Mark Ruffalo on Fighting for the Things You Love, 100% Clean Renewable Energy, Climate Change, the Monopoly on Our Energy Systems, Fighting Fracking, the True Cost of Fossil Fuel Pollution, Showing Compassion, and Being Who You Say You Are.
Interview: Leilani Münter
Leilani Münter: You are extremely active in the environmental community. Tell us about the issues you are focused on and the organizations you work with.
Mark Ruffalo: It really began with the fight against hydrofracking in New York state. This led to my work with local New York groups like Frack Action, Catskill Mountainkeeper, and Catskill Citizens for Safe Energy. I helped start up two environmental organizations, WaterDefense and The Solutions Project. WaterDefense is a water advocacy group that focuses predominantly on assisting communities who are dealing with water catastrophes by bringing them testing to show them what pollutants are in their water so that they can hold polluters accountable. The Solutions Project focuses primarily on accelerating the transition to 100 percent clean, renewable energy for all purposes.
LM: You announced on The Daily Show with Jon Stewart that The Solutions Project has a plan to get to 100 percent renewable energy in all fifty states—can you elaborate on that?
MR: I am sure it must sound somewhat astounding that I would say such a thing, but the fact of the matter is the technology is available to us today to begin the transition to 100 percent renewable energy. What is keeping us from making that transition is nothing more than misinformation, a lack of knowledge by most people of what is available, and an unwillingness on the part of many of our politicians for either ideological slavishness or something more self-serving, like major campaign contributions from the oil and gas corporations or from utilities who enjoy the monopoly they have on our energy systems. These plans were developed by Professor Mark Jacobson from Stanford University, along with the folks from Stanford’s civil engineering department. They have put together fifty plans for fifty states that begin to show us the way out of the antiquated fossil fuels energy system we find ourselves chained to. This transition elegantly takes us away from using fossil fuels over a twenty-five-year period. It will lead us to a net gain of millions of jobs, saving us hundreds of thousands of lives and tens of trillions of dollars in healthcare, greenhouse gas, and fuel costs. By electrifying our lives, we reduce our energy costs by 39 percent, which is a huge savings in itself. It is a fact that, today, up to seven million people a year are dying from fossil fuel pollution. It is a fact that we are already dealing with the catastrophe of climate change in places like California, where people have been burnt out of their homes and where they are dealing with record droughts. It is a fact that our fresh water is becoming more scarce and that the new ways we are getting energy in America—fracking, mountaintop removal, cyclic steam extraction, deep-sea drilling—all pollute water, pollute the air, and pollute our soil and food. It is a fact that many of the wars and conflicts happening all over the world are aggravated or fought strictly for geopolitical fossil fuel energy interests, and many of the world’s most dangerous regimes are funded by fossil fuel dollars.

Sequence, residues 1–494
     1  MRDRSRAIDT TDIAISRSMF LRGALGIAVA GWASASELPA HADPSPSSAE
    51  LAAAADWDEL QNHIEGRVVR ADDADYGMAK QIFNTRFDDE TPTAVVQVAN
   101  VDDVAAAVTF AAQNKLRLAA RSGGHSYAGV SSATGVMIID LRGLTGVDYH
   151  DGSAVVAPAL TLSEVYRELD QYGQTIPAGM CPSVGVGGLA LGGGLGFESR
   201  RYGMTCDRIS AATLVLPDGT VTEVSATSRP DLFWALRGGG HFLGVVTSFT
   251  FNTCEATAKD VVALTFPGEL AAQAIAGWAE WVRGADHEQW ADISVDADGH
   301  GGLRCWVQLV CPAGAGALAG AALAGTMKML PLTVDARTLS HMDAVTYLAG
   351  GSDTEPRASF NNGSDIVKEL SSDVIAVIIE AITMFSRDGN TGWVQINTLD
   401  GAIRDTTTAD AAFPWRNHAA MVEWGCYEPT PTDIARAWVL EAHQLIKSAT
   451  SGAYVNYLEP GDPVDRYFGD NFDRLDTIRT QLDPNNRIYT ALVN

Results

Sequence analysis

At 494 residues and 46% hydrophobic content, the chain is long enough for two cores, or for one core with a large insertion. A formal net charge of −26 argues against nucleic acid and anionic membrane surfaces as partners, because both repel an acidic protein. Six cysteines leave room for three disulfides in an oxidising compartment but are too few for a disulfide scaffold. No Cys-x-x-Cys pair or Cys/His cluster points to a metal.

Whoever controls your energy controls your destiny. 100 percent renewable energy is 100 percent American.
Folks should be able to harvest, store, use, or sell their own energy as they see fit. This is not a Democratic nor Republican issue, and if anyone tries to convince you it is, they are being purposely misleading. Renewable energy fits well into the conservative mindset by allowing competition into the energy markets so that consumers have choice. The system as it is, with big utilities monopolizing the energy playing field or fossil fuel energy being given massive subsidies so that they are on a kind of corporate welfare, is the antithesis of conservative principles. Today, wind is the cheapest energy in America; solar is not far behind. In time, fossil fuels will only get more and more expensive. The true cost of the pollution that is being dumped into the atmosphere and manifests itself in our sick children dealing with asthma or older folks dealing with heart and lung disease from the pollutions created by the burning of these fossil fuels, may not be reflected in the prices of fossil fuels, but that does not mean we aren’t paying a high price for them. All of these issues are addressed by harvesting the energy that is free and abundant all around us, carried in sunlight, wind, and moving water.
For the added bonus, we get to fight climate change as well. Think of it this way. We went into the Iraq War with nothing more than some very bad intelligence and Colin Powell leading us to believe Iraq had weapons of mass destruction. Most of our politicians fell over themselves to commit trillions of dollars and thousands of the lives of our beautiful young people for what ultimately was a lie.